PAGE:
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Super PAC Shazam: 2 new apps tell you who is behind political ads

August 22, 2012|By Deborah Netburn
  • Sunlight Foundation releases Ad Hawk, a new app that sheds light on the organizations behind political ads.
Sunlight Foundation releases Ad Hawk, a new app that sheds light on the organizations… (Sunlight Foundation )

Thanks to apps like Shazam and SoundHound, our smartphones are able to tell us who is behind that song we were rocking out to at the gym, or that we fell in love with on the car radio. Now, thanks to two new apps, our smartphones can also tell us more information about the groups funding political ads on television and the radio.

On Wednesday the MIT media lab and the nonprofit, nonpartisan group the Sunlight Foundation both released apps that use audio fingerprinting technology to identify political ads and tell you information about the organization that paid for it.

Both apps work the same way: If you are watching television and a political ad pops up, all you have to do is open up the app, let it listen to some of the ad, and the app will tell you what organization made the ad, how much the ad cost, how much money the organization has spent in the campaign so far as well as other information if its available.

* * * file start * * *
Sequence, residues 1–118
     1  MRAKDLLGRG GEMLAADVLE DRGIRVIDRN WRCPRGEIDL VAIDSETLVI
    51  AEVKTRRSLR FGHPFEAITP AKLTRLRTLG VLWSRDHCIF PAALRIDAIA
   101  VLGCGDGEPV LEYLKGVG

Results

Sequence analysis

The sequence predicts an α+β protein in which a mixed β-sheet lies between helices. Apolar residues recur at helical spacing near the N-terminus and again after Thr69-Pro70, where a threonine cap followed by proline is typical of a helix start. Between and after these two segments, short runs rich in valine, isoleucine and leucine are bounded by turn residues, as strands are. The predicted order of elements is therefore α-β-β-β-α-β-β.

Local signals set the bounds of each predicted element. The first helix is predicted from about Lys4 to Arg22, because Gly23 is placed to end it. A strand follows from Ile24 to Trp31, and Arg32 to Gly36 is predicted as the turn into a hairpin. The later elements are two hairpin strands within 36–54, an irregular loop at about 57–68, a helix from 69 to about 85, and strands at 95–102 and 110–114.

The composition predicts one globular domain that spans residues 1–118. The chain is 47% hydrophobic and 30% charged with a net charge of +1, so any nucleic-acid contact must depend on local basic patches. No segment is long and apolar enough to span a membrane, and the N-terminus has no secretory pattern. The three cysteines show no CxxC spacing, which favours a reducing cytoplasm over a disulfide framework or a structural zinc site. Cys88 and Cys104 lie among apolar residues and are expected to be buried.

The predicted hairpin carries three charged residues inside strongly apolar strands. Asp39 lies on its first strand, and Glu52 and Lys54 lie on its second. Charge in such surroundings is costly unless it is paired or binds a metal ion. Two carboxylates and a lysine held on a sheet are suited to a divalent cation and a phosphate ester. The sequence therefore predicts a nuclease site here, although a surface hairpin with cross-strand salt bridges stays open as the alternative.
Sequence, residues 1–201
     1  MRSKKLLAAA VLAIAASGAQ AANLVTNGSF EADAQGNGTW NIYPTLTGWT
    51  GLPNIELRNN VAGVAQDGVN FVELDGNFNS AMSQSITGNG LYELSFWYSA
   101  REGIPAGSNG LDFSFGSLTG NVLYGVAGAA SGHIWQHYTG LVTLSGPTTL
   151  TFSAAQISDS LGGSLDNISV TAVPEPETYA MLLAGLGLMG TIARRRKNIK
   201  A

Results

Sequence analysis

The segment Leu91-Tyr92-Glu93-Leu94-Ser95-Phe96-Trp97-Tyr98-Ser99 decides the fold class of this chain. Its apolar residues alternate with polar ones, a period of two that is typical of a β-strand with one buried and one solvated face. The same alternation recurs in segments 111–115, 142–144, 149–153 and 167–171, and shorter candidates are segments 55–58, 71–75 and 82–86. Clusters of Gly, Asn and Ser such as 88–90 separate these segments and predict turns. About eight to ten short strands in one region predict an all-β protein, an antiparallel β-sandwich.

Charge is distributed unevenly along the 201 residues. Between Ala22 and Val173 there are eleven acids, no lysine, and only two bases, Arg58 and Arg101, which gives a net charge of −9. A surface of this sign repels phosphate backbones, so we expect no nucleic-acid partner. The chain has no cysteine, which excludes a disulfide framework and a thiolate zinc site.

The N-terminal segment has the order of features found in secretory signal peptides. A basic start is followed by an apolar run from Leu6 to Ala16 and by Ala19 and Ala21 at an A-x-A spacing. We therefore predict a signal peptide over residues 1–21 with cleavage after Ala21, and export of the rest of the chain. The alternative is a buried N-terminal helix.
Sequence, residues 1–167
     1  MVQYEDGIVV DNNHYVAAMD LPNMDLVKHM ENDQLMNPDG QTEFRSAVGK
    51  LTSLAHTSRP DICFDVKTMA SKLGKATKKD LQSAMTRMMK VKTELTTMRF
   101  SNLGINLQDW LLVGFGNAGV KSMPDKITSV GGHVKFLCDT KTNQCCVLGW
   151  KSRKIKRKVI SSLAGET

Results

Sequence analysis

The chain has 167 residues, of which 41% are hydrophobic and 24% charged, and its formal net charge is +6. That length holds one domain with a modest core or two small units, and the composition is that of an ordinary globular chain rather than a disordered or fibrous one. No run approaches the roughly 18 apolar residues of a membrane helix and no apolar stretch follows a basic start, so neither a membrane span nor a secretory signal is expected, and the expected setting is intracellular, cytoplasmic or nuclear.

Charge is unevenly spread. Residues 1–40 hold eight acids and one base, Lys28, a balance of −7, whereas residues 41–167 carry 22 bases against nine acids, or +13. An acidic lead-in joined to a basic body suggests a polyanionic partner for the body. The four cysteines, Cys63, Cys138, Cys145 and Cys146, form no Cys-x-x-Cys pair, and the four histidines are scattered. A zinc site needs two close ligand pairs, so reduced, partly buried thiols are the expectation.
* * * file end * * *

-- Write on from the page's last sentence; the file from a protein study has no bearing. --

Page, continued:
Both apps rely on data collected by the Federal Election Commission for their information, and both are constantly adding to their database of ads.

The MIT Super PAC app is currently only available for the iPhone. The Sunlight Foundation's app Ad Hawk is available for the iPhone and Android devices.

Liz Barolomeo, a spokeswoman for the Sunlight Foundation, said it was pure coincidence that both apps came out on the same day, but in a way, it makes sense: After all, this is the first presidential election year since the Citizens United ruling made it totally legal for super PACs to spend as much money as they like, and Americans are being bombarded with more political and "message" ads than ever before.

And if you are already feeling overwhelmed by the number of political ads you've seen on the television, know this: it is going to get worse. The presidential campaigns may already be going strong, but the congressional campaigns start to really amp up the ad spending after Labor Day.

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